To understand why broadening the definition of family unit sets up a more accurate measure of economic (in)security, consider the following situations that arise under the Official Poverty Measure: Continue reading
This past weekend, The New York Times published an interactive map visualizing recently released Census data on poverty in America. The NYT map gives information down to the census tract level; this level of precision allows the viewer to see poverty rates of not just counties and cities but, in fact, neighborhoods.
As for Virginia, poverty rates in Southwest, Southside and Hampton Roads far exceed the poverty rates of localities closer to DC. According to these small area estimates, Falls Church County has the lowest poverty rate of around 3 percent, while Radford City and Harrisonburg City have the highest rates (34.2 and 37.5 percent, respectively).
Common sense tells us that the cost of goods and services are different in different parts of the country. For instance, the economic reality and expenditures of families living in Northern Virginia are not the same as those living in Lynchburg or those living in Wise County. The cost of housing and rent is particularly variable, but other basics such as food or transportation are surprisingly different across Virginia’s regions as well.
Despite common sense, official poverty rates do not account for this variability. The income threshold for poverty for a family living in New York City is the same for a similar family living in Fargo, North Dakota. More disturbingly, billions of dollars of government benefits and services are distributed to localities and families based on the official poverty measure. Other public and private organizations also use the official statistics to target their operations.
With so much at stake, a new poverty measure that addresses regional differences in the cost of living is needed. The Census Bureau has recently developed the Supplemental Poverty Measure (or SPM) to do this at the national level, but states and localities are at a disadvantage. Only 3-year SPM averages are available for states and none are available at the sub-state level.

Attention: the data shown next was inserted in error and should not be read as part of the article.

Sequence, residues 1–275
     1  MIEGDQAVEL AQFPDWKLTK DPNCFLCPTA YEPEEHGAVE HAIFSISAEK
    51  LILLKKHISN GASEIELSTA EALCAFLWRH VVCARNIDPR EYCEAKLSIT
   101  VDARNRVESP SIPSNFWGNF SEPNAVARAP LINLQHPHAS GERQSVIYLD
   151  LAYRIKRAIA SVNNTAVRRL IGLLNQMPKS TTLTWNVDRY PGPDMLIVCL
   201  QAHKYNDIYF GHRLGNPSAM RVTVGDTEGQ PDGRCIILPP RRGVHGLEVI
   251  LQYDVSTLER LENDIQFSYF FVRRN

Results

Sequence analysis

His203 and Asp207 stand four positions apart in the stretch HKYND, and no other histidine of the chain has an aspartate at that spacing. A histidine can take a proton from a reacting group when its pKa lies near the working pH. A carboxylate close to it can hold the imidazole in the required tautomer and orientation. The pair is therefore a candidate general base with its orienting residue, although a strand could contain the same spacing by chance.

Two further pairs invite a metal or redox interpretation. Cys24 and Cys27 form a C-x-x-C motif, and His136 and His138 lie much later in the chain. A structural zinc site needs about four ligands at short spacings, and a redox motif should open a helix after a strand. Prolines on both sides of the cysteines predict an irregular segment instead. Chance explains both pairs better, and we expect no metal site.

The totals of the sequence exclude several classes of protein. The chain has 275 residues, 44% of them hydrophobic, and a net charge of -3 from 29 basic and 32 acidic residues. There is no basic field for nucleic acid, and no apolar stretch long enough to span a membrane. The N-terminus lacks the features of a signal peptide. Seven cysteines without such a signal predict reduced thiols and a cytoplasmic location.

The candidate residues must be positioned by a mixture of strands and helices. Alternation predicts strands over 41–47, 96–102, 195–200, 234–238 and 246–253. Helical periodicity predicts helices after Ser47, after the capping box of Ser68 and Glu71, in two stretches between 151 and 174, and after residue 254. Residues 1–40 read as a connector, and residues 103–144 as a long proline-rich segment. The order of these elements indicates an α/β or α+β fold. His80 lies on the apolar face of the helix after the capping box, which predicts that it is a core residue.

Virginia, however, now has a new alternative poverty measure that accounts for regional differences in the cost of living and provides sub-state estimates of poverty rates. As elaborated in my previous post, the new “Virginia Poverty Measure” (VPM) provides some interesting insights about economic distress in the commonwealth, but perhaps the most striking results are the result of its regional adjustments.
How many of us are poor?
Answering that question is not as easy as one may think. Yes, we do have an official poverty statistic that is produced by the U.S. Census Bureau, but nobody likes it. Many on the Left think it is too low, failing to capture the full array of expenses that families face. Folks on the Right think it is too high because it does not account for the effects of many anti-poverty programs and tax credits on family budgets.
Even the Census Bureau is not entirely satisfied with current poverty statistics. As they continue to produce the official measure, they have recently been releasing alternative statistics through the “Supplemental Poverty Measure” (SPM) program. These new numbers reflect a more nuanced look into poverty, and are widely believed by researchers and the media to better capture the actual financial circumstances of American families.
But the SPM has its limitations. Primary among them is that the new measure is designed for the national level. State estimates are only available as three-year averages, and local-level estimates are not available at all.
This is unfortunate for a state like Virginia, which has wide regional inequalities in terms of economics, education, and even basic demographics. Because of this, official poverty statistics don’t make sense in Virginia. A one-size-fits-all measure that defines poverty in Northern Virginia the same as it does in coal country does not work and belies our commonsense understanding of the actual resources and costs families face across regions. A better method is needed.
Today, the Cooper Center is releasing its work on a new “Virginia Poverty Measure” (VPM) that will provide SPM-like estimates for Virginia and its local regions.